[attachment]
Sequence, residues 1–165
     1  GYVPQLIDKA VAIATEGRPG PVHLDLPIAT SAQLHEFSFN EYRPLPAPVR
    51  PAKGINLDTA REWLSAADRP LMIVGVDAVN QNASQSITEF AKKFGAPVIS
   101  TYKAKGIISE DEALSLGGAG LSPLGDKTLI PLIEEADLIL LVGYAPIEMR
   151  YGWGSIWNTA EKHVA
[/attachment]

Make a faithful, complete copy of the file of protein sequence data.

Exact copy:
Sequence, residues 1–165
     1  GYVPQLIDKA VAIATEGRPG PVHLDLPIAT SAQLHEFSFN EYRPLPAPVR
    51  PAKGINLDTA REWLSAADRP LMIVGVDAVN QNASQSITEF AKKFGAPVIS
   101  TYKAKGIISE DEALSLGGAG LSPLGDKTLI PLIEEADLIL LVGYAPIEMR
   151  YGWGSIWNTA EKHVA